2. 2. CHI Letters vol 1, 1 20 they mostly involve notions of floor control or turn-taking that are not appropriate in the free-for-all of a chat room. CMC is also frequently discussed in the educational domain [7][9][11]. The interest here seems to be largely based on the increasing number of classes that are being held “on-line”, in which CMC serves as the only communication medium available. The bulk of this writing is geared around the particular problems that both instructors and students encounter due to the limitations of CMC. FACTORS INFLUENCING CHAT EFFICIENCY There are many factors that impact the efficiency of chat. Here we list several of them, and show how they interrelate to each other. Lack of recognition – users find it difficult to associate a nickname with what a user has said in the past if they do not already know the speaker. Some clients allow users to set the color and/or style of their text to help out with this problem.(mIRC). Other clients allow the user to choose a picture or cartoon to represent them in a virtual space (MS-Chat, vChat). Lack of intention indicators – it is difficult or impossible to tell if a particular comment was intended to be directed towards a particular user or turn. In transcript 1, Red’s answer is ambiguous and could apply to either Black or Pink’s question. Black: What is your favorite musical? Pink: Where are you from? Red: Chicago Transcript 1: intention confusion Typing inefficiency – most people type much slower than they talk, which results in a much slower rate of communication. The average active chat user might take 30 seconds to enter a turn. This delay is experienced by the receiver as a silence in the conversation [2] – something that is established as being socially awkward and easily misunderstood [17]. To prevent or mask this delay, people tend not to wait for a response before starting their next turn. This tends to diminish the effectiveness of the slower typists and can lead to confusion. In transcript 2, we see Black and Pink (both fast typists) go ahead with another thread without waiting for Red to catch up. As a result, Red’s comments are ambiguous. Black: Did you see that new Mel Gibson movie – I think it is called “Payback”? Pink: I saw the academy awards last night. Did you watch it? Pink: yep. Pink: It was very violent, but funny. Black: You saw it? You liked it? Black: How did it end up – who won? Red: I heard it was good. Pink: It was OK. At least Titanic didn’t win everything. Black: I guess you can only be king of the world once. Transcript 2: thread confusion Lack of status information – there is often no way to tell if a user is actively participating in a conversation or has wandered off from the computer all together. This often results in out of order turns, where someone asks a question again in a different way, not realizing that another user has been composing an answer for the first question. (See transcript 3). In this transcript, 10 seconds had passed after Black asked his first question. Black assumed that this inactivity meant that Red was not interested, so he asked another question. However, Red, who is a slower typist, was actually typing his response the entire time. Now it is unclear to Black what question Red’s answer is in response to. Black: Did you want to go skiing tomorrow? Black: Or maybe we should just go to dinner? Red: That sounds good – count me in. I think that Blue will want to go as well. Transcript 3: inactivity-related confusion Lack of context – there is no way to tell what has gone on before in a conversation or what people are talking about now. This is true in a normal spoken conversation as well, but is a particular problem in chat because of the number of people constantly entering the conversations and the expense of using additional turns to bring new users up to speed. High signal-to-noise ratio – since most of the participants in chat do not know each other, there is a great deal of introductory socialization phrases in any chat conversation. In addition, due to some of the previous factors mentioned, a large percentage of chat turns are corrections, clarifications, or repeats of previous turns. General uselessness of the chat history – although most chat interfaces save the entire history of a particular session, it is rarely used in the chat context. For example, once an answer to a question has scrolled off the screen, users are far more likely to ask the question again rather than scroll back into the history. Part of the problem is the real-time nature of the chat – when you scroll back, you miss out on new things that are said. But even when the history has been saved for off-line review, most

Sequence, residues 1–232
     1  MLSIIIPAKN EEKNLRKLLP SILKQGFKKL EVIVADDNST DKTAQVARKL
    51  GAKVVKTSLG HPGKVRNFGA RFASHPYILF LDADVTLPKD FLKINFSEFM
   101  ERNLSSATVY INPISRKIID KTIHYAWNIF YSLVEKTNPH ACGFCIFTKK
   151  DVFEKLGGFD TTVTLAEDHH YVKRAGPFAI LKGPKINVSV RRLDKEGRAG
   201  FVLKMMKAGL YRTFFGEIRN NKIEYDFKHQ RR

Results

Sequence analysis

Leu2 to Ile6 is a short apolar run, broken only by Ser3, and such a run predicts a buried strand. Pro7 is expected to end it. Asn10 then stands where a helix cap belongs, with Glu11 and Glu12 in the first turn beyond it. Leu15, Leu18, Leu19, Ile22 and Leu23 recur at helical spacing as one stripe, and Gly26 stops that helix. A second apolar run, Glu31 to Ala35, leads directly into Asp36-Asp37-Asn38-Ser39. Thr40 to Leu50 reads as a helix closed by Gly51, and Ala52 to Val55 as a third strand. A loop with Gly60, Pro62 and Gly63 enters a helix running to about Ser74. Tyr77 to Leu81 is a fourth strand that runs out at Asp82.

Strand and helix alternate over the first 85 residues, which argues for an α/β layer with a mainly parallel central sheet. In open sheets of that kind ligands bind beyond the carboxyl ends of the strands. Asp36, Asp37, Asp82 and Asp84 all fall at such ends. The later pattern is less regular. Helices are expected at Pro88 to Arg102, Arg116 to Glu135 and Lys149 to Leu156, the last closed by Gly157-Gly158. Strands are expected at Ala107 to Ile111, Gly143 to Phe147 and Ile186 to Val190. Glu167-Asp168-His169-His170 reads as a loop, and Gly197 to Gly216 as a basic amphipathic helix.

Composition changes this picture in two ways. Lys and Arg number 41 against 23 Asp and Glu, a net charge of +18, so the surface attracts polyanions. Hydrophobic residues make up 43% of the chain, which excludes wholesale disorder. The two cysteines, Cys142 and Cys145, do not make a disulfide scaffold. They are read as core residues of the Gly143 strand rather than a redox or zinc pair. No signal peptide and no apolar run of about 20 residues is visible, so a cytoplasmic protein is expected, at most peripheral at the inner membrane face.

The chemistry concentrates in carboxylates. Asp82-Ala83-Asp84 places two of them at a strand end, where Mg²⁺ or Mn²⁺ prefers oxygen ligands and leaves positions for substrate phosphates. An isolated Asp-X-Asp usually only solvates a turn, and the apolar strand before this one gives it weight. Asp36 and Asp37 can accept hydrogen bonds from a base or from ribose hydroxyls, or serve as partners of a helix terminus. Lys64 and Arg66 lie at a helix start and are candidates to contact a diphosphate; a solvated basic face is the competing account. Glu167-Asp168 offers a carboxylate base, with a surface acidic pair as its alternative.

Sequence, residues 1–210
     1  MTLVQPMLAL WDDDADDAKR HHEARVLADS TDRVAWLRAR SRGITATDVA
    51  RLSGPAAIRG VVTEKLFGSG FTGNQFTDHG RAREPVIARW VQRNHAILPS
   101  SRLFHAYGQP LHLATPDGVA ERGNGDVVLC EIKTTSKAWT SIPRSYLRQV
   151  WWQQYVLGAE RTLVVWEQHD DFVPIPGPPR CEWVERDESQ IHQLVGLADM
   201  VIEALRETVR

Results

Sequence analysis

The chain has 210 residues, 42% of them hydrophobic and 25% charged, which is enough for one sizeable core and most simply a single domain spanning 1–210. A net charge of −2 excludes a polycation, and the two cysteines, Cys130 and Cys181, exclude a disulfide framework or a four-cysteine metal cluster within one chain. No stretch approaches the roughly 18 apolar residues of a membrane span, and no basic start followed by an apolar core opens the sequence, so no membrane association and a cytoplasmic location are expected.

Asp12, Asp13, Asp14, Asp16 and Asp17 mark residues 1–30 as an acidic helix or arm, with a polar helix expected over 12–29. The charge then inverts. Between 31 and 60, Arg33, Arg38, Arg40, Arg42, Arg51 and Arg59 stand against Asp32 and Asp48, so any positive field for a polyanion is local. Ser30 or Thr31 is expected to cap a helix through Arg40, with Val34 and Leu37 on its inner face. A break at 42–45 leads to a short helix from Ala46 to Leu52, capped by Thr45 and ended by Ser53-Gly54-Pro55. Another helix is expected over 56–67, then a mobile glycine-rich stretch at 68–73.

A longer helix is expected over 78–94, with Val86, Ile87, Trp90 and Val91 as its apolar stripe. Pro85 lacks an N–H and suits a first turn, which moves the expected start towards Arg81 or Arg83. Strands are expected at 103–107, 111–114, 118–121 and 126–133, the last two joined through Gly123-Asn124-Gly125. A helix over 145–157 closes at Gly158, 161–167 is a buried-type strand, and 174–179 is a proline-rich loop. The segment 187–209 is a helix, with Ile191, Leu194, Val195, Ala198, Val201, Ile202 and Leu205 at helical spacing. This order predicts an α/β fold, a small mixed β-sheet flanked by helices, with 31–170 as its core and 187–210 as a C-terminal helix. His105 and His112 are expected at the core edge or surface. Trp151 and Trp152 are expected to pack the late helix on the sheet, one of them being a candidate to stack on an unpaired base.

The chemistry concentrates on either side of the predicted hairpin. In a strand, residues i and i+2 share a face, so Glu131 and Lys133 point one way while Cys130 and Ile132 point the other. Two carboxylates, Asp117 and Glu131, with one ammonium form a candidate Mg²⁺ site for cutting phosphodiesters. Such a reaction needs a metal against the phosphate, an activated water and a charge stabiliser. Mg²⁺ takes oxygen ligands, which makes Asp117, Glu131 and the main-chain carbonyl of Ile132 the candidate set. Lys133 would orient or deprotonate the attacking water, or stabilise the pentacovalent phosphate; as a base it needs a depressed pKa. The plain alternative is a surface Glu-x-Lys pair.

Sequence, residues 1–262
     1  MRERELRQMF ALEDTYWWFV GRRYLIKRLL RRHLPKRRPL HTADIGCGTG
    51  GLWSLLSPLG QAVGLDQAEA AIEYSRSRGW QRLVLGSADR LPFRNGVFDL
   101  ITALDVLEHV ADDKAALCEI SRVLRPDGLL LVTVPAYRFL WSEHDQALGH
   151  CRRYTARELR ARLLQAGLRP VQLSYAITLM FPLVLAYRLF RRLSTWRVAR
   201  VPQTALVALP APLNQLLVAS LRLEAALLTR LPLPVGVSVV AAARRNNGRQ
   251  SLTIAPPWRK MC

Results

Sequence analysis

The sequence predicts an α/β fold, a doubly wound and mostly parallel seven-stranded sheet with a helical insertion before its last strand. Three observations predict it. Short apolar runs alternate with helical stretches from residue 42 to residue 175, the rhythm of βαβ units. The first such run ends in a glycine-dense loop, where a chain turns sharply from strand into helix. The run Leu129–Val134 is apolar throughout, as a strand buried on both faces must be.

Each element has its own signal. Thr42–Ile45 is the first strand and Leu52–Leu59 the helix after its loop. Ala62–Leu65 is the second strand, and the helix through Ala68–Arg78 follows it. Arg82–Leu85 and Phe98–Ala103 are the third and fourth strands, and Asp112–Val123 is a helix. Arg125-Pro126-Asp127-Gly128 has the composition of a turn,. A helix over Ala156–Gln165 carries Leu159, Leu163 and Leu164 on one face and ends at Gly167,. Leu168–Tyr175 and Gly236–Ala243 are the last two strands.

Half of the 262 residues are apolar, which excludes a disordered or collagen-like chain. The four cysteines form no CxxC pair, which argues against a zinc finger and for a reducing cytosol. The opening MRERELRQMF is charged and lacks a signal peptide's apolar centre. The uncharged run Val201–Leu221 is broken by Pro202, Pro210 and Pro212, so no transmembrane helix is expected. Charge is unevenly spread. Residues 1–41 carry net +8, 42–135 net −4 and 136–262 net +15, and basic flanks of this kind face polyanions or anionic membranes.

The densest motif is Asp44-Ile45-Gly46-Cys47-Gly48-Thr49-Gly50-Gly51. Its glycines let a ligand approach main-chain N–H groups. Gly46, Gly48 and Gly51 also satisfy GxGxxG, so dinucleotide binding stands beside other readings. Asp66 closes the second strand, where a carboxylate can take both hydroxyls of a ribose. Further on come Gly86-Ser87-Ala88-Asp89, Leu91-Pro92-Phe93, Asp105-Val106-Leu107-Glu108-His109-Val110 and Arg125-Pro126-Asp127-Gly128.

3. 3. CHI Letters vol 1, 1 21 people still find it extremely ineffective to use. The out- of-order turns and high signal-to-noise ratio make it almost impossible to read. With all of these difficulties, and with chat having essentially the same user interface it had from its earliest console days, we felt the time was ripe to experiment with some alternative chat interfaces. VIRTUAL WORLDS TECHNOLOGY In prototyping different chat UIs, we were aided tremendously by the Virtual Worlds platform, created within our group at Microsoft Research. The Virtual Worlds platform [16] is COM-based technology that allows programmers to quickly and easily create multi- user applications. Virtual Worlds provides a persistent, distributed dynamic object system. Objects can be created and modified on the fly, including adding and removing properties and methods. The system takes care of managing client connections and replicating data between the server and the clients. Clients can be created using any COM-compliant programming language, including DHTML, Visual Basic, and C++. The combination of DHTML and the Virtual Worlds platform makes an excellent rapid prototyping environment for multi-user applications. More information on the platform, including downloading directions, can be found on the World Wide Web at http://research.microsoft.com/vwg/ THE “CONFERENCE” USER STUDY We began our project by getting some data on the current chat interface, in order to have a baseline on which to compare alternative representations. We used a standard user study we call the “conference.” It has been used in the past to compare such things as teleconferencing, video conferencing, and face-to-face meetings. In this study, a group of four to six people are asked to participate in a pair of on-line conferences. In the first conference, the groups would have to agree upon 5 videos to rent for a weekend retreat. In the second, they would decide which 5 albums to bring along on a long road trip. Typically, the two conferences are done using different technology (such as teleconferencing vs. face-to-face) in order to compare the differences. Each conference lasts approximately 30 minutes, after which time the users are asked to complete a short questionnaire. The questionnaire elicits factual questions about the conference (such as, what types of music the user believe each of the other participants enjoyed), as well as qualitative questions (such as how they feel the communication flowed.) In addition to the surveys, the users may be videotaped for later analysis. ATTACKING THE PROBLEM: STATUS Most of the user interface improvements in existing commercial chat software are related towards improving the handling of multiple threads. This includes such things as giving users the ability to carry on multiple private conversations [MS-CHAT], or allowing them to indicate precisely which person or which turn they are responding to [V-CHAT, USENET]. While we agree that it is worthwhile to explore the problem of thread management, we have for this study focused our energies on trying to understand and eliminate the initial conditions that lead to the multiple overlapping threads in the first place. In spoken conversation, people do not engage in more than one line of conversation at the same time. We have social conventions against interrupting, and people are wait for other people to respond before speaking again. Silence in conversation is something we are conditioned to avoid, and spoken conversation has far fewer patches of “dead air” than exact same conversation typed.[17] This led us to believe that we might eliminate many of the problems with threading by giving the users something to do after they complete a turn other than starting another turn, that did not feel like the equivalent of silence. We also suspected that if users where aware of what other participants were doing, they would be less inclined to enter turns that were simple status requests. These two suspicions led to the design of the “status client.” STATUS CLIENT We designed a prototype of an interface that showed the status of each user, as determined by keyboard activity. Figure 2: Status Client This status client keeps the same basic three-pane layout of a standard text chat client but augments it with several type of continuous status information. These are: